Kelowna lost thousands of jobs in April, according to Labour Force Survey - InfoNews

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Kelowna lost thousands of jobs in April, according to Labour Force Survey

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May 08, 2020 - 9:12 AM

Kelowna’s unemployment rate took a significant jump last month, rising from  5.9 per cent to 8.1 per cent, according to the latest Labour Force Survey data.

That means the number of people who are employed in the Central Okanagan fell from 101,900 to 96,600. There were 103,900 employed in the Kelowna Census Metropolitan Area before the COVID-19 pandemic hampered the economy in mid-March.

Statistics Canada reported the national unemployment rate rose 5.2 percentage points in April to 13.0 per cent.

This followed an increase of 2.2 percentage points in March.

The April unemployment rate was second only to the 13.1 per cent observed in the recession of December 1982, and it could have been worse.

The rate would have been 17.8 per cent but was adjusted to reflect those who were not counted as unemployed for reasons specific to the COVID-19 economic shutdown.

“During the week of April 12, 1.1 million people were not in the labour force but had worked recently (in March or April) and wanted to work. They were not counted as unemployed but were counted as not in the labour force because they did not look for work, presumably due to ongoing business closures and very limited opportunities to find new work,” the labour survey states.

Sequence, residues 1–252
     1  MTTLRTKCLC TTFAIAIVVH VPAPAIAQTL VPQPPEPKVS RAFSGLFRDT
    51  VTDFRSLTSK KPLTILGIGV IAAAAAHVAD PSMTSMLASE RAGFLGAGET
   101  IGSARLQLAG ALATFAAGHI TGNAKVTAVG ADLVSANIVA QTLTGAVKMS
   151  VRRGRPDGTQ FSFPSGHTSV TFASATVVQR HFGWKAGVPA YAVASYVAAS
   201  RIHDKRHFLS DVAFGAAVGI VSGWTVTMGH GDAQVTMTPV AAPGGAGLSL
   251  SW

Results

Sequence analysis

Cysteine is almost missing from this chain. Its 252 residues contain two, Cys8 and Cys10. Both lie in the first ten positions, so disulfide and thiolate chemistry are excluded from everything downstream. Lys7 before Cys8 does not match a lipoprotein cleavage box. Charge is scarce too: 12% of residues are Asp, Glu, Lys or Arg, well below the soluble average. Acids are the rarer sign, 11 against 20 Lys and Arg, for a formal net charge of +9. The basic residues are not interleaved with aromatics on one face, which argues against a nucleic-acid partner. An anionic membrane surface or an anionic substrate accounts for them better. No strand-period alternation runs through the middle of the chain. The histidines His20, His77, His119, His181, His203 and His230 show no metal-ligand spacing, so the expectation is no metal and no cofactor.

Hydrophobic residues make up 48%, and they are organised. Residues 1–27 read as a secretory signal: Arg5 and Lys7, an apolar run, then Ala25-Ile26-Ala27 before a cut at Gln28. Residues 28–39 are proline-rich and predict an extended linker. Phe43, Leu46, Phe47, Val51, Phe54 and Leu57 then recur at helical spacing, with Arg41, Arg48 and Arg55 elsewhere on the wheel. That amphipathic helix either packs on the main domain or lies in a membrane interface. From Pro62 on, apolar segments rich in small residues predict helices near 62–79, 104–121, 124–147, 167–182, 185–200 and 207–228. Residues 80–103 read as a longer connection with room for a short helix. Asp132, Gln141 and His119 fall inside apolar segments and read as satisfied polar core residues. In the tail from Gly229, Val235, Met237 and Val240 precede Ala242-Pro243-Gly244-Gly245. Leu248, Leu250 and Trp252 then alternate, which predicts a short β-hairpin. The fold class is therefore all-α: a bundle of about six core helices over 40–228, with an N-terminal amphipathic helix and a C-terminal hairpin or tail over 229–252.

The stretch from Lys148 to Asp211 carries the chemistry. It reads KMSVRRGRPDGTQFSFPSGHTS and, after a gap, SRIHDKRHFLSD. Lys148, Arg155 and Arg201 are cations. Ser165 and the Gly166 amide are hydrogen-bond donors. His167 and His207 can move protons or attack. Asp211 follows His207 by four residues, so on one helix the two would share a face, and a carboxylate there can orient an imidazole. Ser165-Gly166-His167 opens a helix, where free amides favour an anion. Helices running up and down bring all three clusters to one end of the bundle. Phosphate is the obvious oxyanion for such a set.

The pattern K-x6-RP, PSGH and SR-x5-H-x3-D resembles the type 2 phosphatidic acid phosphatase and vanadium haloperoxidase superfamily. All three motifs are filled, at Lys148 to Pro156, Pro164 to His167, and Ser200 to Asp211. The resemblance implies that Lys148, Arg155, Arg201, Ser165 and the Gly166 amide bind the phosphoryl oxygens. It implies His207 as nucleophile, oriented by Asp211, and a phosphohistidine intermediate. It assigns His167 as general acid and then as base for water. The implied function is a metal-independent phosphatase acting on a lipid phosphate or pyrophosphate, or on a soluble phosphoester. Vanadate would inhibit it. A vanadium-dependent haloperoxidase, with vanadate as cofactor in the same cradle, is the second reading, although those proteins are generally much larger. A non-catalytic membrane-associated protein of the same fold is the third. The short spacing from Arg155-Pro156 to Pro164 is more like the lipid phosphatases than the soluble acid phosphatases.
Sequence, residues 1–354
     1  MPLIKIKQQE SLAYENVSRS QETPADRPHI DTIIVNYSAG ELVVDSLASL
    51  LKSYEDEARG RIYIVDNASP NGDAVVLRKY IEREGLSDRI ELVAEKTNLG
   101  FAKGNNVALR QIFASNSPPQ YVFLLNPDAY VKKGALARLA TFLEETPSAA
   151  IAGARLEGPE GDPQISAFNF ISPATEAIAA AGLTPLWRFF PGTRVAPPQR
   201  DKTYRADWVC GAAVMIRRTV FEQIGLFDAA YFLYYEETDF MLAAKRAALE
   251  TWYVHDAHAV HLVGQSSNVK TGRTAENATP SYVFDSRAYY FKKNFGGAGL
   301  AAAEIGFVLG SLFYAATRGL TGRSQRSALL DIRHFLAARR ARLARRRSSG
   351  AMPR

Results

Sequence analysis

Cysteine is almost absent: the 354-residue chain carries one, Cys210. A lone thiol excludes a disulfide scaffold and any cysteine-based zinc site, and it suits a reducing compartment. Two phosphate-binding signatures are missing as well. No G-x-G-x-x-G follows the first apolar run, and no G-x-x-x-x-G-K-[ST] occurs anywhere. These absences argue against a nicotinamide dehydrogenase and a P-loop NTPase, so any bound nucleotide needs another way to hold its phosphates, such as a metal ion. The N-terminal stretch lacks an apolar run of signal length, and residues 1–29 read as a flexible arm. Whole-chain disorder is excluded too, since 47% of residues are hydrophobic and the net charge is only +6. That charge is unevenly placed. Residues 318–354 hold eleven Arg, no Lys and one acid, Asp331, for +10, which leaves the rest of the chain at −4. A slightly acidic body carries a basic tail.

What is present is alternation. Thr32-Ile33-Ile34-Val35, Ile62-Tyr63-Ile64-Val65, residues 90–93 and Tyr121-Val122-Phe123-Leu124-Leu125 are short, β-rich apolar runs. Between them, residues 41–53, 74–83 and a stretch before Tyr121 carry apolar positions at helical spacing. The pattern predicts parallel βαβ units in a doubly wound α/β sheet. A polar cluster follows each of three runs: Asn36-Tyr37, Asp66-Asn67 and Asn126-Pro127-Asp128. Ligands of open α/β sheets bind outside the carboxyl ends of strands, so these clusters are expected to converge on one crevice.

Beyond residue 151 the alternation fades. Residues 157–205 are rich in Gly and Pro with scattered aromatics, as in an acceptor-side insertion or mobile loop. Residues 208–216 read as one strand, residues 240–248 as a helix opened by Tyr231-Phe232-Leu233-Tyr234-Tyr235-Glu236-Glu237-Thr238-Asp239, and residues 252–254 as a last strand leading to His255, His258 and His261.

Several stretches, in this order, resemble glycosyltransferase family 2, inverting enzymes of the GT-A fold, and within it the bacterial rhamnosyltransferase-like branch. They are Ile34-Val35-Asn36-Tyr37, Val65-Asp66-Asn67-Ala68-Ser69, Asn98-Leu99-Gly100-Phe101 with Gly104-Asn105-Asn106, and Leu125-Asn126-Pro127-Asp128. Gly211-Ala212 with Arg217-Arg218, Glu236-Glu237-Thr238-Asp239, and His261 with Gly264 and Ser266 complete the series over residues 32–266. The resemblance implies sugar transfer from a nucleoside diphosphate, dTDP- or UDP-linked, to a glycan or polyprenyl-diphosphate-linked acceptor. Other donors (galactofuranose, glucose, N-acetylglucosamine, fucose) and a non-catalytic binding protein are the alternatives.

Job losses were hardest on Canada's youth, aged 15 to 24, according to the survey.

"As a group, they are more likely to hold less secure jobs in hard-hit industries such as accommodation and food services," the report states. "From February to April, employment among youth declined by 873,000 (-34.2 per cent), while an additional 385,000 (or one in four) who remained employed in April lost all or the majority of their usual hours worked (not adjusted for seasonality). Employment declined faster among those aged 15 to 19 (-40.4 per cent) than among those aged 20 to 24 (-31.1 per cent), reflecting the less secure jobs held by those in the younger age category."

Among students aged 15 to 24 in April, the unemployment rate increased to 31.7 per cent, "signalling that many could face difficulties in continuing to pay for their studies."

Among non-student youth, a little more than half were employed in April, down from three-quarters in February (data not seasonally adjusted).

British Columbia announced its plans to gradually reopen the economy on Tuesday, saying retail stores, hair salons, child care, restaurants, libraries and museums could reopen in an altered way starting May 19, along with some medical treatments.


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